“Leonetta Pieraccini Cecchi wants to paint like a man and sometimes she really does succeed,” writes critic Mario Tinti in a 1929 review of this Tuscan artist, now recognized as one of the top “narrators” of early twentieth-century Italy, both on canvas and in literature. “She paints vigorously,” Tinti continues, “with harshly modeled tones like a Spadini who’s been revealed less tender, less able and more ornery.” Leonetta Cecchi (1883–1977) trained with Macchiaioli Giovanni Fattori and Armando Spadini, Italy’s last Impressionist, a figurative artist at a time when avant-garde moments were gaining ground in Italy. Still, the intimate, very personal nature of Pieraccini’s portraiture is anything but conventional and very much a sign of her times.
From September 22 to November 18, Leonetta Pieraccini Cecchi’s portraits will be part of the much-awaited show titled Women Artists: Florence 1900 to 1950, organized by Advancing Women Artists and Fondazione CR Firenze, in the latter’s via Bufalini exposition venue. The exhibition, curated by Lucia Mannini and Chiara Toti, began as a way to showcase Pieraccini’s works in the Gabinetto Vieusseux’s Contemporary Archive, which have recently undergone restoration, and quickly morphed into the multi-artist show featuring several of Pieraccini’s female colleagues including Marisa Mori, Vittoria Morelli and Evelyn Scarampi. Expect paintings and sculpture from private collections and in-storage works from museums of national importance such as Rome’s GNAM and Palazzo Pitti’s Gallery of Modern Art.
Fillide Giorgi Levasti (1883–1966) will have multiple works in the show, which will kick off during the citywide extravaganza L’eredità delle donne (The Heritage of Women) from September 21 to 23. The Florentine artist frequented the Fine Arts Academy with Pieraccini and the pair became life-long friends. Indeed, it was Giorgi who would introduce Pieraccini to renowned art critic Emilio Cecchi, who became the latter’s husband in 1911. Theirs was a life divided between domestic tasks and cultural salons—Giorgi’s husband was mystic writer Arrigo Levasti—and their paintings reflect the humble but vibrant realities of daily life amongst Italy’s cultural milieu. But while Giorgi favored vignette-style paintings that were playful “snapshots” of whimsical but anonymous characters at the park or at the dressmakers, Pieraccini’s paintings focused primarily on those she knew and loved. Visitors to the show will see renditions of Emilio Cecchi, novelist Sibilla Aleramo, poet Cesare Pascarella and even the painter’s daughter Suso, who grew up to become the screenwriter Suso Cecchi d’Amico, hailed as the “mother of Italian cinema”.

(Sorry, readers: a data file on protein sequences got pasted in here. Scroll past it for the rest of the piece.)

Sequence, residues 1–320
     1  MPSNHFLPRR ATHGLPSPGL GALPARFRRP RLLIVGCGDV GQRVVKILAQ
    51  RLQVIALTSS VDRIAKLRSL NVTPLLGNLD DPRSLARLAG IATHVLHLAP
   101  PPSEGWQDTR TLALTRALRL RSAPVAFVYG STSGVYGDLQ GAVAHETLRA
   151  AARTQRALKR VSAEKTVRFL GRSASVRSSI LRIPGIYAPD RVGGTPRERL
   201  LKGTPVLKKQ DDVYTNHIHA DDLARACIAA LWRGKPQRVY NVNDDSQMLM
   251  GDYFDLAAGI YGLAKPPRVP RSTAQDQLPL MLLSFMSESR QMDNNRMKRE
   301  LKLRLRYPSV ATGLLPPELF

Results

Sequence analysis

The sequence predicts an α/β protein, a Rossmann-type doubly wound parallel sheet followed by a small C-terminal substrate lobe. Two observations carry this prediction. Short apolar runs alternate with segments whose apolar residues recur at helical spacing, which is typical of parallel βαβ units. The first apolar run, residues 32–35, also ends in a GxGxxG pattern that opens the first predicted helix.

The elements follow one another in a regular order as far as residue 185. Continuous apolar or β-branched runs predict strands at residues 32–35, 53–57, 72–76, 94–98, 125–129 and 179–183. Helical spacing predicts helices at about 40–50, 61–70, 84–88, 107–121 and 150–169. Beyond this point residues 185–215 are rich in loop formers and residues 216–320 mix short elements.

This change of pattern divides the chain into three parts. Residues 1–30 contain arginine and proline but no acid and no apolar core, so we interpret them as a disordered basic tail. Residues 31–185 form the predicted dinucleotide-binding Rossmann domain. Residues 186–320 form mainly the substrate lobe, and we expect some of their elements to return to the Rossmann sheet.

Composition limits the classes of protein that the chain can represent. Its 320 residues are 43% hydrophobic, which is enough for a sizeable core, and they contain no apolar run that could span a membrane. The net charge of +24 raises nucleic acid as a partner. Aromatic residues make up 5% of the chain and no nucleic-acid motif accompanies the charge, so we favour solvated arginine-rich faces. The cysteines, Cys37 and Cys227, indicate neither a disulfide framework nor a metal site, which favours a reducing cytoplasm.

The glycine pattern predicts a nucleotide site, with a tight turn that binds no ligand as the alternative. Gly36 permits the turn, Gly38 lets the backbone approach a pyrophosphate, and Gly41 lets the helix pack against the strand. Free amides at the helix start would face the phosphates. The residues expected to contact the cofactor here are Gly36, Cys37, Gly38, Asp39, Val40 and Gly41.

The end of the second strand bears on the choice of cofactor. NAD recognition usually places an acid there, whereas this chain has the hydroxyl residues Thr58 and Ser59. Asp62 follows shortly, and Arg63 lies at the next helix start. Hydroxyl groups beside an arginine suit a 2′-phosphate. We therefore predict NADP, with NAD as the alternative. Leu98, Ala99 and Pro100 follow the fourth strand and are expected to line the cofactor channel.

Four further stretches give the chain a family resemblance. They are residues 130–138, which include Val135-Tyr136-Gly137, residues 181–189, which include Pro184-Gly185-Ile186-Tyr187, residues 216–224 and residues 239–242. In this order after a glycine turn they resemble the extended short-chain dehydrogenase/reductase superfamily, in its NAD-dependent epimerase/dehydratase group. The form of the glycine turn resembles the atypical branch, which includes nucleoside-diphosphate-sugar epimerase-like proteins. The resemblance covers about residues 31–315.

Literature lovers in town this autumn will have the chance to discover “written portraits” during a lecture series dedicated to early twentieth-century women in art and literature titled Stories by Women in Paint and on Page, hosted at the Il Palmerino cultural association. Lectures will center on graphic artists like Anna Maria Bartolini and illustrators such as Vittoria Morelli and Anna de Matteis, not to mention the autobiographical writings of Anna Banti and Sibilla Aleramo. Pieraccini will be a protagonist at Il Palmerino too. Her 42 original notebooks stored at Florence’s Gabinetto Vieusseux were published in the 1960s as Agendine 1911–1929, with all the private reflections lacking from her earlier book Visti da vicino, a delightful slice-of-life commentary. “Her diaries are a self-portrait, but she depicts so many other people as well,” her grandson Masolino d'Amico explains. “She captures their gossip, their jealous spats, the fun they had. The cultural climate of the early 1900s was extraordinary. These intellectuals were highly esteemed, but the media said nothing of them. So they documented their own lives. They would draw each other’s portraits or pile together four coins and take a third-class train to see a concert and then write each other letters about it. Story was a part of their lives. Leonetta’s descriptions are written as if they were notes for painting a portrait.”
To me, the word “portrait” is like an echo. The via Bufalini exhibition and its side events are, in truth, a portrait of early twentieth-century creativity from the feminine perspective. I hope you will see the show of these “invisible” women so that their importance will resound throughout Florence and beyond.
Fondazione CR Firenze, via Bufalini 6, Florence
September 22-November 18